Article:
Five Ways You Can Use Your AARC Membership to Boost Your Career

If you’re a respiratory therapist, there are many good reasons to join the AARC. But chief among them is the idea that being a member of your professional organization can boost your career. Five members of the AARC’s Membership Committee address five of the best ways to use your membership to get ahead on the job.

  1. Network on AARConnect: Professional networking is vital for career development and is all about building and maintaining professional relationships and establishing connections with others in your profession. In this time of social distancing and canceled conferences, networking with other RTs may seem impossible. Fortunately, AARConnect, AARC’s members-only networking platform, provides the opportunity to connect virtually with members from across the country and around the world. AARConnect’s Help Line, general discussion groups, and specialty communities offer AARC members the opportunity to meet inspiring people, ask questions, get help, share resources, and learn from others. There is no better time to take advantage of virtual networking, so log on today and start connecting. — Amanda Richter, RRT, RRT-ACCS, RPFT, FACHE, FAARC
  2. Participate in the webcast program: One of the most exciting advantages/benefits of AARC membership to boost your career is the variety of webcast programs offered to members. These webcast programs address many different topics, disease entities, breakthroughs in treatment, and career advancing tips. The 60-minute programs allow you hear top experts in their field without ever leaving your home. Besides excellent presentations, there is an opportunity to ask questions of the experts and speakers. Also, webcast topics are archived for you to listen to at a later date. You can connect with the webcast through your PC or mobile device and earn CRCE credits with each live webcast. Participants receive 1 CRCE for each presentation in which the participant stays connected for a minimum of the first 40 minutes of the live webcast. At the end of the webcast, participants provide their name, AARC number, and login name used to access the webcast, plus an evaluation of the presentation. Credits are posted within two weeks. This is an incredible way to stay current and interact with experts and your colleagues across the nation on a regular basis. Check it out! — Gregg Marshall, PhD, RRT, RPSGT, RST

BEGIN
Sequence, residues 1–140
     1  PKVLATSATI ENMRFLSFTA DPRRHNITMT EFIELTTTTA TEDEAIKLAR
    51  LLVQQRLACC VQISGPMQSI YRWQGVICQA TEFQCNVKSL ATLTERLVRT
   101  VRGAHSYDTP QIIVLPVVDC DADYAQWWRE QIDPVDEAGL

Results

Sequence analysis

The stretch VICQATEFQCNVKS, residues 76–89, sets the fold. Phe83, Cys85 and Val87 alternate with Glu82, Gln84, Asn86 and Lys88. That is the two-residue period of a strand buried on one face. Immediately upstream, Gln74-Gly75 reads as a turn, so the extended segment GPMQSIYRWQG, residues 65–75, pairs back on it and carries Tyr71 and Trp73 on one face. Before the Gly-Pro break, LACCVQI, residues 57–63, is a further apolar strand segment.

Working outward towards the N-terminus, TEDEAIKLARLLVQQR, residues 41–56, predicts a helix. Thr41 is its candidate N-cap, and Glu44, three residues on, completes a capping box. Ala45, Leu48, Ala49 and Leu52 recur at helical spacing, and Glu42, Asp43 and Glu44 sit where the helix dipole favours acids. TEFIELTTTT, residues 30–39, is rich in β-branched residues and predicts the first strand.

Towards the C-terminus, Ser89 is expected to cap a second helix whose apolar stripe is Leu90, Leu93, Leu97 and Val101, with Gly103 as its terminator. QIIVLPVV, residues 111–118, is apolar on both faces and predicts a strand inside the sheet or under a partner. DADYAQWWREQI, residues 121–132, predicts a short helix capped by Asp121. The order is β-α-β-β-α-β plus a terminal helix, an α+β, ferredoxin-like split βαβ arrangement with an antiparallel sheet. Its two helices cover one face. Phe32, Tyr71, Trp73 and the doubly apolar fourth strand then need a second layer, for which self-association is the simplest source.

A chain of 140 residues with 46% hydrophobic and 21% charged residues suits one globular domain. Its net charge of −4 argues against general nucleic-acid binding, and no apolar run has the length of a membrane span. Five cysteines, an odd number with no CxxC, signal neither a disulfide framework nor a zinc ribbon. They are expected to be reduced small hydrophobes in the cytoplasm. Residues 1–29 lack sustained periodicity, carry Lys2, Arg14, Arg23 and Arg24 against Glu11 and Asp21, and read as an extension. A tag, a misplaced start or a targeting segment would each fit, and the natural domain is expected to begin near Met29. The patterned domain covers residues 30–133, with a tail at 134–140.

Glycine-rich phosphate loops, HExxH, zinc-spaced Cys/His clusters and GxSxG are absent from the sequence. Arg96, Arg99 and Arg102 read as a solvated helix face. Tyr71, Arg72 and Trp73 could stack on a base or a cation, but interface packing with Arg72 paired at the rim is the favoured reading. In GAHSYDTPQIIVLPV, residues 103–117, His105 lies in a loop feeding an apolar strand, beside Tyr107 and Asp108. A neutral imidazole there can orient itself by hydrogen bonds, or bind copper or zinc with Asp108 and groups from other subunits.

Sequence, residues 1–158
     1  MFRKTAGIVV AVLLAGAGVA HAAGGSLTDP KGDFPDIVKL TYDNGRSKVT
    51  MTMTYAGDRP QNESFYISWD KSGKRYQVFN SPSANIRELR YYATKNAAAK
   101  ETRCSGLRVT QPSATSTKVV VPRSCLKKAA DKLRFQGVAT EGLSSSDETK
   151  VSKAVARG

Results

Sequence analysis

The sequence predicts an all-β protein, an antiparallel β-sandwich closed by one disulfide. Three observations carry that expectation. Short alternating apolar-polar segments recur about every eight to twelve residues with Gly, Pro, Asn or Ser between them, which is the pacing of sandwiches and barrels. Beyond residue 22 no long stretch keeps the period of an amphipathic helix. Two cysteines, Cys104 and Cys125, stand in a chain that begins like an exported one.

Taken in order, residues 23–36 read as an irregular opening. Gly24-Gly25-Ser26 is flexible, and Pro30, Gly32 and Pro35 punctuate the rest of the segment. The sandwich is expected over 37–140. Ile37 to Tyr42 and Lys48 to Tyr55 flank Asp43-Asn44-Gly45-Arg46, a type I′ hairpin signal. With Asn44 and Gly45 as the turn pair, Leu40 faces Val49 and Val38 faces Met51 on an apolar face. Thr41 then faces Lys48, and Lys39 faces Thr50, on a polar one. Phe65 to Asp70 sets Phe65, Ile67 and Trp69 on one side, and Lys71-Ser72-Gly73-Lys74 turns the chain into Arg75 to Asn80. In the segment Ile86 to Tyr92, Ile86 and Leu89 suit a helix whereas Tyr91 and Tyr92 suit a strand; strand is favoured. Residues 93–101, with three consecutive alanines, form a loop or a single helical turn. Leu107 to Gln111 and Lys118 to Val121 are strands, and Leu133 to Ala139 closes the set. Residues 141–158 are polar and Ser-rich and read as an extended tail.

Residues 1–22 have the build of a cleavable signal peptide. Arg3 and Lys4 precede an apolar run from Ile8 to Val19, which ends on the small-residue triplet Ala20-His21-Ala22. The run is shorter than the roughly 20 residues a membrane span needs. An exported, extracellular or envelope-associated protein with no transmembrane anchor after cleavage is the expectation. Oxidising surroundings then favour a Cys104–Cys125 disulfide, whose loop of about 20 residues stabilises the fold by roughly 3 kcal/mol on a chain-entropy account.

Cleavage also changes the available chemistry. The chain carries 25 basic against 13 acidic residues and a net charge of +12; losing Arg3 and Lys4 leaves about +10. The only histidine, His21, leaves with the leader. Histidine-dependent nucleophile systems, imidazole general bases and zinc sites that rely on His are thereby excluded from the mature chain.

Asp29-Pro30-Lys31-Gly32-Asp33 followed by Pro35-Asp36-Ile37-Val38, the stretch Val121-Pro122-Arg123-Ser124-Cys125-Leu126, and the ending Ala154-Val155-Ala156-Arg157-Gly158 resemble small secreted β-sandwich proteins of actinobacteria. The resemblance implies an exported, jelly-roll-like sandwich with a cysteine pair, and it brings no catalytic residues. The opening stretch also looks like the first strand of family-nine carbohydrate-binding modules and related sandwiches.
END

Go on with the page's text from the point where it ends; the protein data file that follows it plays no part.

3. Attend the AARC Congress and/or Summer Forum: Attending the AARC Congress and Summer Forum have boosted my career in a number of ways. The first year I attended, 2012, I began building a network of colleagues that continue to support me to this day. After the first year I was encouraged to be more involved. In 2013 I had the opportunity to present my first Open Forum By then I started to get to know more people in key positions, which helped me to get on the speaker circuit. I started having coffee with Doug Laher and Tom Malinowski at every event. They have mentored me and supported me as I made progress. Through Congress I met Natalie Napolitano, who introduced me to Margie Pierce, the director of my current department. Because of these connections I was able to move my family across the country and start a new chapter in my career. I am now more involved than ever, serving as Membership Committee Chair, doing research, and continuing to speak at AARC and state events throughout the year. — Karsten Roberts, MSRC, RRT, RRT-ACCS, RRT-NPS 
  4. Join a Specialty Section: Specialty Section communities on AARConnect can enhance your career with the opportunity to network, communicate, collaborate, ask questions, and learn from peers. Benefits of joining a Specialty Section include access to newsletters that provide up-to-date research, the latest news, pertinent information, and more. Section members can advance the profession by using resource directories and web page content, and the availability of guest lectures provide continued knowledge and lifelong learning in specialty areas. —Cheryl Skinner, MSRC, RRT, CPFT
  5. Volunteer to serve on a committee: Serving on AARC committees allows you to develop skills that you may not have the opportunity to develop at your job. You have the chance to select committees and activities that you want to dedicate your time to, allowing you to develop new skills and utilize other talents you have. For example, by joining the Membership Committee, you have the opportunity to help create and communicate the value of AARC membership. If you would like to go into a leadership position, communication is critical. Serving on committees also helps you to build your professional network. Committee members that you serve with may become future references for you. Networking is valuable no matter what career path you may take. Always make sure to highlight the committees you serve on your resume or CV. — Jennifer Anderson, EdD, RRT, RRT-NPS

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